At just past noon on Monday, the Japan Aerospace Exploration Agency (JAXA) successfully launched its third H3 rocket from the Tanegashima Space Center in Kagoshima Prefecture. The new flagship H3 rocket, carrying a 3-ton Earth observation satellite, released its payload about 16 minutes after taking off. Developed by JAXA and Mitsubishi Electric, the Daichi-4 satellite, also known as the Advanced Land Observing Satellite-4 (ALOS-4), boasts a 200-kilometer observation range. It can detect ground deformation, landslides and the impacts of natural disasters. It’s also capable of monitoring military activity, such as missile launches. 

Officials at the launch control center in Tanegashima embraced following the launch, which had been scheduled for Sunday. Adverse weather meant it had to be put back a day. On its maiden flight, in March last year, the H3 rocket dropped into the Philippine Sea. It was forced to self-destruct just a few minutes after taking off because its second stage engine failed to ignite. In February of this year, the H3 rocket was launched for a second time, making its first successful flight. However, that one was carrying a dummy satellite.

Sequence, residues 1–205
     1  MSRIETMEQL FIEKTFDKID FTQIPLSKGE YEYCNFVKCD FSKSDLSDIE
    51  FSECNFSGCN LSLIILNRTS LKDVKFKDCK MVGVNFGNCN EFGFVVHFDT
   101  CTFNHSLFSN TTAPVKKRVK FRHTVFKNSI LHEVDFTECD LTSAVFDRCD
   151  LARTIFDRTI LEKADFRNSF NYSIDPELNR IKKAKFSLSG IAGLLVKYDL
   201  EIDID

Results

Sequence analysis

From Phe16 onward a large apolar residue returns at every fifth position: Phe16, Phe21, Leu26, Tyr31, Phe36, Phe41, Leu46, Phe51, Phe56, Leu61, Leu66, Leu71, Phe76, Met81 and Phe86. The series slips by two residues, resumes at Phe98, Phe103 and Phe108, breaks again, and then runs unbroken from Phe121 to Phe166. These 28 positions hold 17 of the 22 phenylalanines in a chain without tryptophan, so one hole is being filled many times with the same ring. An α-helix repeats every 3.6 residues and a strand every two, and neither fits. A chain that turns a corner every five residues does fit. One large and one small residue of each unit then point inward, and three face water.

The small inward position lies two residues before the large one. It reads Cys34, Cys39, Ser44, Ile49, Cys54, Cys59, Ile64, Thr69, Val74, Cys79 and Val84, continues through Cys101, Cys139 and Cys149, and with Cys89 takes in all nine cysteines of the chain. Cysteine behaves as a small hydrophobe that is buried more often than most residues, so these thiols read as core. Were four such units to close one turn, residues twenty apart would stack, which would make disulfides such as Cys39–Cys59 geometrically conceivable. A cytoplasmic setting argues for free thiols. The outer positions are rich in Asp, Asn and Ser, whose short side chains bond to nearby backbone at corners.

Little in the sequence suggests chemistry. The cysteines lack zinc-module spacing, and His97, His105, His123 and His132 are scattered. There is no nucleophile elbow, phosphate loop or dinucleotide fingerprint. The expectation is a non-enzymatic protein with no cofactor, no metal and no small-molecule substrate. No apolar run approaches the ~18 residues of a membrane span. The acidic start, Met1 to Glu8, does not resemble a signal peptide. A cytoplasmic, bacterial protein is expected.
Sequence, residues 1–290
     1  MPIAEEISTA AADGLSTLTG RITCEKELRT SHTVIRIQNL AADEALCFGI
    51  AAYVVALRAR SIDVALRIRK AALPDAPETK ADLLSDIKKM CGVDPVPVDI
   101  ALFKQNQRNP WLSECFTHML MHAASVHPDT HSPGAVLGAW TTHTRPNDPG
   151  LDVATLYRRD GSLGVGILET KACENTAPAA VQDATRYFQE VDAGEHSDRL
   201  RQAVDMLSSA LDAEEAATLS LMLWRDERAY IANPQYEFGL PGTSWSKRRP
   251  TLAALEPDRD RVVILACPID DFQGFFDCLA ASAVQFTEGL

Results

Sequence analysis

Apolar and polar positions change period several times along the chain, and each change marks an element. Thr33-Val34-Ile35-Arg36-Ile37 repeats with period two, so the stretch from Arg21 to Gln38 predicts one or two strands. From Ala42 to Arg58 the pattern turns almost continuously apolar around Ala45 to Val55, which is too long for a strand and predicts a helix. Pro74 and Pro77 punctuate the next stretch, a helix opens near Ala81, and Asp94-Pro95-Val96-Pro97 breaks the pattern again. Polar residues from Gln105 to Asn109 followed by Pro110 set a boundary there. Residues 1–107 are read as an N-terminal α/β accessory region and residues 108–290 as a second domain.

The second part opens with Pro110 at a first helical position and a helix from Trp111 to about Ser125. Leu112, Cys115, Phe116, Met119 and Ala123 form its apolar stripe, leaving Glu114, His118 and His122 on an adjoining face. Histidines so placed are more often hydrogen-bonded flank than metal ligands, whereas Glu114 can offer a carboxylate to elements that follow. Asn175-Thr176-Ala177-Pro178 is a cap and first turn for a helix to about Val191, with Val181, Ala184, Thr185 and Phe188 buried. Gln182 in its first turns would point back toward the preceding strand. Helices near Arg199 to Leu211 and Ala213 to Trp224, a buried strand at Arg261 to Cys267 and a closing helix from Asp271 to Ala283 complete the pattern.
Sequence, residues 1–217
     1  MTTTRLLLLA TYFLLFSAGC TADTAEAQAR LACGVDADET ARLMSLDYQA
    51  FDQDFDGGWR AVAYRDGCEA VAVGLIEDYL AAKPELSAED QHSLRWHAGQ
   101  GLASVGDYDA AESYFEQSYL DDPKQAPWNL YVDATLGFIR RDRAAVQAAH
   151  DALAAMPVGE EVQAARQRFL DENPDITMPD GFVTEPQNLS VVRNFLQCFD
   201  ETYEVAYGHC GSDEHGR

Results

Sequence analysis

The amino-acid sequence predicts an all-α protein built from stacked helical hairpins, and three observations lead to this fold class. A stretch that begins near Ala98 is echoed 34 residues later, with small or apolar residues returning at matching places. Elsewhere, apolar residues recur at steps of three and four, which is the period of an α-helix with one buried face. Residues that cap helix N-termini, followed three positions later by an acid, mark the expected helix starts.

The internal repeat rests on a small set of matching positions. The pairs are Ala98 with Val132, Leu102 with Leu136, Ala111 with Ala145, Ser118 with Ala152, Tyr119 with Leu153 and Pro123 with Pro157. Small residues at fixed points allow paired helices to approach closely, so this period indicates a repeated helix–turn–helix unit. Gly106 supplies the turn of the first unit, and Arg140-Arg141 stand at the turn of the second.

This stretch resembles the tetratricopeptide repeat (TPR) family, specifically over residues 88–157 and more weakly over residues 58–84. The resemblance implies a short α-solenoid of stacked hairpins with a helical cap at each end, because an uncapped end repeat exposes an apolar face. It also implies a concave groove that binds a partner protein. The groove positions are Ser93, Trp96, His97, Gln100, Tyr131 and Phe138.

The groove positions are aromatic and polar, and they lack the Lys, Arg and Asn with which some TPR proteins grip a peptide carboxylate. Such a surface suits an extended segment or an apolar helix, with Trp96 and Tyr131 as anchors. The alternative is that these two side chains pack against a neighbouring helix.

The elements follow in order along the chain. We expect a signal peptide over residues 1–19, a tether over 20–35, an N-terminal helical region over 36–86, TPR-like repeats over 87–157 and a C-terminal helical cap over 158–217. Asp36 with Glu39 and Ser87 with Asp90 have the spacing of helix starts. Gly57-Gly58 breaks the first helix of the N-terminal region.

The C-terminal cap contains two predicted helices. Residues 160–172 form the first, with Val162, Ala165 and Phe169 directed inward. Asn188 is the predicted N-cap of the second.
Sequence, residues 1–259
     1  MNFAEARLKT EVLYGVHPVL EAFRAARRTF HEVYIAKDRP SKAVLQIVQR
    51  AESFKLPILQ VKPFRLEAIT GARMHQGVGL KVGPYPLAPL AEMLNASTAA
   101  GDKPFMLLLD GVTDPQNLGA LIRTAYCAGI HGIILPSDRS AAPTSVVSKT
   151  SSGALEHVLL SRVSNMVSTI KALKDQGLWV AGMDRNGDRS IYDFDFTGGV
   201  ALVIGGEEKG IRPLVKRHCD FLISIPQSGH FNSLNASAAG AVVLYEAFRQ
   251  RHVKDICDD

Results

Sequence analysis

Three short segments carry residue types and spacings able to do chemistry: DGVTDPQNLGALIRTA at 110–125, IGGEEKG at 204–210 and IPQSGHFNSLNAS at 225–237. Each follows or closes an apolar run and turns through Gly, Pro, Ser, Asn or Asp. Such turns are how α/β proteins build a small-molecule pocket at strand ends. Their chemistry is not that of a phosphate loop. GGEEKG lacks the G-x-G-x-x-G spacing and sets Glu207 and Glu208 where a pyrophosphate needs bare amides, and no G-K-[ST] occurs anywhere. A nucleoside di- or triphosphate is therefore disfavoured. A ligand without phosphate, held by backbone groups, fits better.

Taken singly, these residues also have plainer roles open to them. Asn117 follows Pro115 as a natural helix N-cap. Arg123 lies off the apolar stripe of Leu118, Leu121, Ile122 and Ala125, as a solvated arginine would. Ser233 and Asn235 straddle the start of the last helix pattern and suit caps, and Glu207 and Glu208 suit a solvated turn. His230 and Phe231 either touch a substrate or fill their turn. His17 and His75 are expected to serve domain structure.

The H3 Rocket: A Cheaper Alternative to Falcon 9 

JAXA intends to launch its single-use rockets six times a year. The H3 is a successor to the H2A, which is due to be retired after two more flights. According to its website, JAXA’s goal is “to provide ‘easy-to-use rockets’ that offer flexibility, high reliability, and great cost performance, developed by always remaining mindful of the users’ perspectives.”  The H3 rocket is seen as a cheaper alternative to Falcon 9, the reusable, two-stage rocket designed and manufactured by Elon Musk’s company SpaceX, which is currently dominating the market.

Related Posts